It is not known precisely when Buddhism first came to Australia. It has argued that there may have been contact between the Aboriginal people of northern Australia and the early Hindu-Buddhist civilisations of Indonesia. It is also possible that the great fleets of the Chinese Ming emperors, which explored the south between 1405 and 1433, may have reached the mainland of Australia.
The first certain contact with Buddhism can be dated to 1848, when Chinese labourers arrived to work on the goldfields of eastern Australia. The beliefs of these men were predominantly Taoist/Confucian, but the makeshift temples they built have been found to contain remnants of Mahayana Buddhist statues. Most of these men returned to China when the gold rush ended, but some stayed in Australia, often after sending for a wife from China. While the older Chinese continued to practice their ancestral beliefs, their children and grandchildren often adopted the Christian faith.
In the 1870s, groups of Sinhalese from Sri Lanka began to arrive in Australia to work on the sugar plantations of northern Queensland, or in the pearling industry centred on Thursday Island. By the 1890s, the Buddhist population of Thursday Island included about 500 Sinhalese people. Two Bodhi trees planted by this community are still growing on Thursday Island to this day. A temple was built on Thursday Island, festivals such as Vesak were regularly celebrated, and a Buddhist monk is said to have visited to officiate at the temple around the turn of the century.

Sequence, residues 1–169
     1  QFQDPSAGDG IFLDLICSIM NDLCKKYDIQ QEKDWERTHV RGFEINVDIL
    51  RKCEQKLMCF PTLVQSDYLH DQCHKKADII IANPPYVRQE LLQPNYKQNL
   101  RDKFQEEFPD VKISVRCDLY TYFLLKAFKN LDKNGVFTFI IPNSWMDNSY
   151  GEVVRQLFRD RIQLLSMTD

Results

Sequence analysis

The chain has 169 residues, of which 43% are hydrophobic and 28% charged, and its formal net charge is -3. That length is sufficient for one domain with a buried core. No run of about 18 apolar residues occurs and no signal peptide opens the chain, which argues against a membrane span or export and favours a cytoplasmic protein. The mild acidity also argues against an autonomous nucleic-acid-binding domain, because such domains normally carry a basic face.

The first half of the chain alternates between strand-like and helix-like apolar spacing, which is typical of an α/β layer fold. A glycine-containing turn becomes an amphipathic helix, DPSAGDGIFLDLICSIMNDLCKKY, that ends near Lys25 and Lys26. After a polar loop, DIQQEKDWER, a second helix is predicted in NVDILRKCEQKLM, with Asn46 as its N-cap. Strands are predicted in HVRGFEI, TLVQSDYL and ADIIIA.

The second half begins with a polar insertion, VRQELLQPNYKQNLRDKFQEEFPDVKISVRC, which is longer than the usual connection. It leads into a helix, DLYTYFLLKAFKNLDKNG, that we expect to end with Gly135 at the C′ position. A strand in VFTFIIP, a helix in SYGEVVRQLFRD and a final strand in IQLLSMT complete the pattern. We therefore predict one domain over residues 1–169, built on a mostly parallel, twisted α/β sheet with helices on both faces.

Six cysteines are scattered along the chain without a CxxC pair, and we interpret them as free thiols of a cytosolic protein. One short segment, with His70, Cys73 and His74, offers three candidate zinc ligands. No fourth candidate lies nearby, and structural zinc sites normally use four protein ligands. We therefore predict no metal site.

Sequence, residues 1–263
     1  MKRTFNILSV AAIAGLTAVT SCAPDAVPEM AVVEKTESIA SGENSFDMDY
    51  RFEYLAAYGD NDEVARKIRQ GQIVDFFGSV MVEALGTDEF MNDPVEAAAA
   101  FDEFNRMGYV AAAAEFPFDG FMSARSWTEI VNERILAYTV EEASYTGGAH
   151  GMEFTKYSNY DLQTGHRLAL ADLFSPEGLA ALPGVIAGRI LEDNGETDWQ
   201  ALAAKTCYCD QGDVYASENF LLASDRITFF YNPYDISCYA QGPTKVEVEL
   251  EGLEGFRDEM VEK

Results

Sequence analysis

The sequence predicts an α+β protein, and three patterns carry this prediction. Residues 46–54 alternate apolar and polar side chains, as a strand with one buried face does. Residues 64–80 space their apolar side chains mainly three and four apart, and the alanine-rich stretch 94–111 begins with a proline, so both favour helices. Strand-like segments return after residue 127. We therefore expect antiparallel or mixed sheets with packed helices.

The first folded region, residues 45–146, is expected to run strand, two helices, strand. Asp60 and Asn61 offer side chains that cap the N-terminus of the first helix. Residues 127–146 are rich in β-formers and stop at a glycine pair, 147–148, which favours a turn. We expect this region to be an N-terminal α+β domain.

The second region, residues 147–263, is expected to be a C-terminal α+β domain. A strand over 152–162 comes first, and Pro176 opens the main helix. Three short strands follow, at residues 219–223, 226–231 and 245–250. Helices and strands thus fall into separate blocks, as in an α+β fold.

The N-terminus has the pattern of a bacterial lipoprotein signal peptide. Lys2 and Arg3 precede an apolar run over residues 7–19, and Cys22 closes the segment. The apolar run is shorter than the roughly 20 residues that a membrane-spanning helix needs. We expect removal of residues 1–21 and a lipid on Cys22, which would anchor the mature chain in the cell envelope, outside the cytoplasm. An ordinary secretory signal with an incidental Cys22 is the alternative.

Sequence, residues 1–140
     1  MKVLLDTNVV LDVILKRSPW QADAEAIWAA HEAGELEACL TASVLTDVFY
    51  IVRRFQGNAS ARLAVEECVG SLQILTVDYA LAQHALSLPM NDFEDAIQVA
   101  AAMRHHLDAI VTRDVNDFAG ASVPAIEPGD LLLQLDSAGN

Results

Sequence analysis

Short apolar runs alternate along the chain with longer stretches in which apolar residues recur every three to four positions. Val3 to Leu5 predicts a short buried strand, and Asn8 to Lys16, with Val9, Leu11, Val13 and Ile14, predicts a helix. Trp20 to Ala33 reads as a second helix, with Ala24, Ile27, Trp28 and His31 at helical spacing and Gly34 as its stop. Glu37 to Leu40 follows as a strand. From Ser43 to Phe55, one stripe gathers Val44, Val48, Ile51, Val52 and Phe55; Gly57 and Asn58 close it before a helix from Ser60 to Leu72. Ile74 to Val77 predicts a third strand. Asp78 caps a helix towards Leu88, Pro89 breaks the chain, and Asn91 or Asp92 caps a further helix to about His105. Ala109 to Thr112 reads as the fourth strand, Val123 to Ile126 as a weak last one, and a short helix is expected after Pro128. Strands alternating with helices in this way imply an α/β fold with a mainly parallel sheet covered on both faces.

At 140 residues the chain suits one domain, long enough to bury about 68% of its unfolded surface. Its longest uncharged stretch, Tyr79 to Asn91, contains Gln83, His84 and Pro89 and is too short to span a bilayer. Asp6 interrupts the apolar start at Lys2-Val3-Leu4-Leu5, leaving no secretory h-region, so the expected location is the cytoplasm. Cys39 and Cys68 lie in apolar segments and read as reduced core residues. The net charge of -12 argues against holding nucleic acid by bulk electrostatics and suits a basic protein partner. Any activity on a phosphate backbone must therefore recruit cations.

Soon after Federation in 1901, Australia adopted increasingly restrictive immigration policies that effectively halted further Asian immigration until the 1960s.
By the late 1800s, increasing numbers of Westerners were becoming interested in Asian culture and religion. In 1891, Colonel Henry Steel Olcott spent several months lecturing throughout Australia on `Theosophy and...